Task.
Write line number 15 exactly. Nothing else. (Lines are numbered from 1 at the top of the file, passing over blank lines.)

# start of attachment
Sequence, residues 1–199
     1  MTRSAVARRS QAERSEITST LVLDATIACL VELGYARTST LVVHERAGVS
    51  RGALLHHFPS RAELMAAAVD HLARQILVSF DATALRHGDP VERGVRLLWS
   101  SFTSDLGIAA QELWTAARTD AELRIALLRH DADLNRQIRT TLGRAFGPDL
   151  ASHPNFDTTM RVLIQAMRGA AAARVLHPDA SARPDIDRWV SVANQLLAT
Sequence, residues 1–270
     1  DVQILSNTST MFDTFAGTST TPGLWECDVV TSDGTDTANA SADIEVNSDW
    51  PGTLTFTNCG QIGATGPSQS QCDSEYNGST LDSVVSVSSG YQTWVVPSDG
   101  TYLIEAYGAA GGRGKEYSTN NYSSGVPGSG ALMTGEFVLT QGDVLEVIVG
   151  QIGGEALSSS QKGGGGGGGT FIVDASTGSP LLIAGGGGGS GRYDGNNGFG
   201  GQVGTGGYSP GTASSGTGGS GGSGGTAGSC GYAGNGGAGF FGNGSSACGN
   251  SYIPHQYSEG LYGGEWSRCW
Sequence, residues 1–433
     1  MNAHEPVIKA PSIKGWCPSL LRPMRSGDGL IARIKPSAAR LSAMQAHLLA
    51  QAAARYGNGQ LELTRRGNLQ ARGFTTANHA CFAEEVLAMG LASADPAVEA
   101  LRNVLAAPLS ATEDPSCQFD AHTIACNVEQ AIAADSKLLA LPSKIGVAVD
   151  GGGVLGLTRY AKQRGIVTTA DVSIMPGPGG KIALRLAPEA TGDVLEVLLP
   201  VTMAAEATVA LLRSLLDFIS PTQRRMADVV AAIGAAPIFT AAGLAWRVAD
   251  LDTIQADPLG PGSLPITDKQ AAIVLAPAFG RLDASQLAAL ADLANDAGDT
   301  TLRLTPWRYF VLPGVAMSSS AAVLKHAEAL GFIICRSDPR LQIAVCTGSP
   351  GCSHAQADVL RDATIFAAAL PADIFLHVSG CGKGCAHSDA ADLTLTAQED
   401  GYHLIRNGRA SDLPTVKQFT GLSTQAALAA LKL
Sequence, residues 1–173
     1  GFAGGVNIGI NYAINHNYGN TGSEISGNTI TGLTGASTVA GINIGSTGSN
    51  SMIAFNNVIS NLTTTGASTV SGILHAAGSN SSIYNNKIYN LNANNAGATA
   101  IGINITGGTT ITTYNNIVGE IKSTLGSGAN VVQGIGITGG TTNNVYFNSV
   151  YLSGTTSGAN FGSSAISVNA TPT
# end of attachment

    51  QAAARYGNGQ LELTRRGNLQ ARGFTTANHA CFAEEVLAMG LASADPAVEA